When I revisited a client about 1.5 years after we introduced knowledge transfer policies to their system I discovered something interesting: knowledge transfer tickets followed a slightly different process than tickets without knowledge transfer. They pass through an additional last process step called “Feedback & Learning”. Whenever a mentor mentee pair finishes a ticket they give each other feedback about their (pair) work. When I say feedback, I mean true feedback and not the kind of “Everything is fine, wonderful and awesome, and you are a nice guy. (And now leave me alone.)” It is about learning and thus, true, critical, and appreciative feedback is required which is really something you’ll have to learn. By the way, giving true feedback is part of the Kanban Change Leadership trainings I run together with Sigi Kaltenecker 😉
But back to the example case… The “Feedback & Learning” step also requires the mentee to write an article for an internal knowledge base. After having this policy in place, the client reported back that they evolutionary built-up a knowledge base from zero to a quite mature state with very little effort in only 4 month. Even more, the number of knowledge transfer tickets was decreasing because people could look up in the knowledge base. Whenever they don’t find the desired information, they add another knowledge transfer ticket to the board. You see the pattern? A pair is built, knowledge is transferred, and after the transfer knowledge is conserved. And so on…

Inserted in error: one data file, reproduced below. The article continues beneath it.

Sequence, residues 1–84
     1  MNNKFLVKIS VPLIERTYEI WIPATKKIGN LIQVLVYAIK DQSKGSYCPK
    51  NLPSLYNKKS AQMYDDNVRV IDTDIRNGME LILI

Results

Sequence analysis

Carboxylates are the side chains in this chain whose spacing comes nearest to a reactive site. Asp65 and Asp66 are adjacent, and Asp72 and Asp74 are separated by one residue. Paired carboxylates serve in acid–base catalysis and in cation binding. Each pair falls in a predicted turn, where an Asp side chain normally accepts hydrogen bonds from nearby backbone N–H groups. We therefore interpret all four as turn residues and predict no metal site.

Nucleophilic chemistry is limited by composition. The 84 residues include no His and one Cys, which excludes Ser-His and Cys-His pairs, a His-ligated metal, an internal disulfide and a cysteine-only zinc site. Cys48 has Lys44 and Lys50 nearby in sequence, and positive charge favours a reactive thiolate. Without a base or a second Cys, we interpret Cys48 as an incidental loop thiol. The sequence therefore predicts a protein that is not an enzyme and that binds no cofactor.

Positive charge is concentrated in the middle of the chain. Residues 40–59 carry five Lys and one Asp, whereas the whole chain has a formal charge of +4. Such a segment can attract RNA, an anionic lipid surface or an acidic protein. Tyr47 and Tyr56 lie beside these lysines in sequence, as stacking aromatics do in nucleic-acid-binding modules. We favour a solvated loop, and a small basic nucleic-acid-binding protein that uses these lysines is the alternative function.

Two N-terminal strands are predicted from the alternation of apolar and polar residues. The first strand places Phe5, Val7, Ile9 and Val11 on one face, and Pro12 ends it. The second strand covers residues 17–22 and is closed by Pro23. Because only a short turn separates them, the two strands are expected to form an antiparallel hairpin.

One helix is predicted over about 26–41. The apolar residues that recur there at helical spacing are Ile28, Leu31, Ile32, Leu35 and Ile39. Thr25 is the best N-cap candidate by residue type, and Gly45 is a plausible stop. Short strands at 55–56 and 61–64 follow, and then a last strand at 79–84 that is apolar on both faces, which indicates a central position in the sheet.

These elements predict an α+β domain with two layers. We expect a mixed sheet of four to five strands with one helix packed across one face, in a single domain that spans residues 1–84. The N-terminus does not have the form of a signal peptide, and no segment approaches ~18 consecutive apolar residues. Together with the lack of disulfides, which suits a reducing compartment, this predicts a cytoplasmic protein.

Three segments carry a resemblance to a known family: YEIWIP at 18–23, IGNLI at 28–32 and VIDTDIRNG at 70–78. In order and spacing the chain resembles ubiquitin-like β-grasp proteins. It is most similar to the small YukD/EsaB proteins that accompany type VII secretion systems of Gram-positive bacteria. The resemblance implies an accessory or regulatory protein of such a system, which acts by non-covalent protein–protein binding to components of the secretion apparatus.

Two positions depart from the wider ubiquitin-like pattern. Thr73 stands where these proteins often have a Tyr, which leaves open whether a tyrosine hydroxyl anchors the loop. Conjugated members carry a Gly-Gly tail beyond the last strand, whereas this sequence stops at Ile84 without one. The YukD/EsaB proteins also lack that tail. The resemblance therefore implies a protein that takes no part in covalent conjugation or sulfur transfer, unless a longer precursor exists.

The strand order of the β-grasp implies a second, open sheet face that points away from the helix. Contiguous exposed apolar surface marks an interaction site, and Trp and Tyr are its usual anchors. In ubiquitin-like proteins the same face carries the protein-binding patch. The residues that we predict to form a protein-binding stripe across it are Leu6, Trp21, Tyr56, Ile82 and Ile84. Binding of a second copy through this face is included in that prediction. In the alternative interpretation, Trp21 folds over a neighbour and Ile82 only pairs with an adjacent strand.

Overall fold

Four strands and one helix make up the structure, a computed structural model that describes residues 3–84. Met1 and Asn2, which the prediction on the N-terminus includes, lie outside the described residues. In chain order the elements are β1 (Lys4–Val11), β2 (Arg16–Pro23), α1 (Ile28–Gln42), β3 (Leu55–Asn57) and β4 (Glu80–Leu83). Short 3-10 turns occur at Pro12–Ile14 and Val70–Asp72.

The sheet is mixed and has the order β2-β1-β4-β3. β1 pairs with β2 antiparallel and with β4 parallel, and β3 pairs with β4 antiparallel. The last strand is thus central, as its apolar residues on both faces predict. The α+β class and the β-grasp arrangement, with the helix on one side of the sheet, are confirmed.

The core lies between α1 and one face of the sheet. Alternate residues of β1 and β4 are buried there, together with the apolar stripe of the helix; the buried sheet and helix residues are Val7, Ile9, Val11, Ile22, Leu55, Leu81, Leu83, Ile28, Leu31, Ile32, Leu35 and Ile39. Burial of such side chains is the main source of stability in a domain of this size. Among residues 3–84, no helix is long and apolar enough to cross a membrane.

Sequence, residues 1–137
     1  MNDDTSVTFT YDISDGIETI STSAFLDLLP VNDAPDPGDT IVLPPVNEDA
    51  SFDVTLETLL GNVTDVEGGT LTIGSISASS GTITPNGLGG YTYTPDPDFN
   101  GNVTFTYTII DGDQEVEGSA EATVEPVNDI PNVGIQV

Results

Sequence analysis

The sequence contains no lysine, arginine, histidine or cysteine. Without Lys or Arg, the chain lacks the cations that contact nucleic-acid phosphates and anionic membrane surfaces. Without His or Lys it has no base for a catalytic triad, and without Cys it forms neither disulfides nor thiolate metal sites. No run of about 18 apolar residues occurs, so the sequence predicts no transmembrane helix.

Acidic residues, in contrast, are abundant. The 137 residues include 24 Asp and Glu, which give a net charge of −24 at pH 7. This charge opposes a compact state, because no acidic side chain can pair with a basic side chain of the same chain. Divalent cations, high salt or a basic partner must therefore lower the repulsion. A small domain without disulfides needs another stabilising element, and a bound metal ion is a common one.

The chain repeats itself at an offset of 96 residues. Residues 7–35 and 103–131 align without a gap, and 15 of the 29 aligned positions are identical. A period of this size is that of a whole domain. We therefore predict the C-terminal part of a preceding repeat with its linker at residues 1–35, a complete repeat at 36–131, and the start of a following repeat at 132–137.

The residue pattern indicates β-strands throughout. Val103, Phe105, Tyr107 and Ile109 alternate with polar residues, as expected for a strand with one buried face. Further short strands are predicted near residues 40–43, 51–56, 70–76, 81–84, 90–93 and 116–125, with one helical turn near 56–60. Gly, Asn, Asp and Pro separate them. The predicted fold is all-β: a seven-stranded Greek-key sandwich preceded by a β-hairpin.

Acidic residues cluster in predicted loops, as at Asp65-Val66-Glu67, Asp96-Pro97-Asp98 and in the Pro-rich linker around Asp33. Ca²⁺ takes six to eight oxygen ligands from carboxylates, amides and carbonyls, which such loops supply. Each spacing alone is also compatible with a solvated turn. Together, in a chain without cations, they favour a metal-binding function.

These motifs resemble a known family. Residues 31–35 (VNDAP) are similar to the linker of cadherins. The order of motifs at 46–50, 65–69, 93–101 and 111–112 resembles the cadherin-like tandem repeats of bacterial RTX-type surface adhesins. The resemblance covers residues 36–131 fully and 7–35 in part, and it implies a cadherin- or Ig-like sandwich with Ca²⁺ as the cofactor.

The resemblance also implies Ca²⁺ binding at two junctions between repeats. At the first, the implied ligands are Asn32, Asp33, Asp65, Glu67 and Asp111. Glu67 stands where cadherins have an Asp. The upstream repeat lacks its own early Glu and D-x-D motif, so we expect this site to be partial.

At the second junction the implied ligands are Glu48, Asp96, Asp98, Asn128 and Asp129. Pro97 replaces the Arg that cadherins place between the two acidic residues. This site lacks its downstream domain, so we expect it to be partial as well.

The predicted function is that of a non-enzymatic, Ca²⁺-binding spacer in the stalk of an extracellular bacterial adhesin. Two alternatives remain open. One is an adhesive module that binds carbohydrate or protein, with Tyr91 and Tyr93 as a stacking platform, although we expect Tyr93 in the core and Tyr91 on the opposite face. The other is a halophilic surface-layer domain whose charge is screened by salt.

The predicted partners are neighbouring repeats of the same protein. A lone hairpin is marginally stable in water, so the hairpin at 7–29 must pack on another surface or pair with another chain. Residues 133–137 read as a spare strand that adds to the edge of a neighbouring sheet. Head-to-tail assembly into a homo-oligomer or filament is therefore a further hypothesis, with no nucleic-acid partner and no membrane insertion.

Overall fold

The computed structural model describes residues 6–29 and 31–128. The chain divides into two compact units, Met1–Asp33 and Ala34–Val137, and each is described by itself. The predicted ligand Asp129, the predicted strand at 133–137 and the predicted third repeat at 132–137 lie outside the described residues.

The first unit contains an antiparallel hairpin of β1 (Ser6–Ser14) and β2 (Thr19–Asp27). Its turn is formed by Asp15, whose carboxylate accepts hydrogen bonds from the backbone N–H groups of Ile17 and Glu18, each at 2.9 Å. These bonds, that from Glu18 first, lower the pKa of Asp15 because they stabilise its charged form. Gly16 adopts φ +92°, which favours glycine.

Pull-based Knowledge Transfer
With another client we introduced a pull-based knowledge transfer policy: Each worker can put ‘I want to learn’ tickets in the knowledge transfer column of the input queue. ‘I want to learn’ tickets are green colored sticky notes which express the wish to learn something. When a work item enters the system where the desired knowledge could be transferred, the green sticky note is stapled on the work item and a pair is build in order to teach and learn. In this particular kanban system they assigned capacities for 7 simultaneous ‘I want to learn’ tickets which is approx. 15 % of the 46 people working with the system.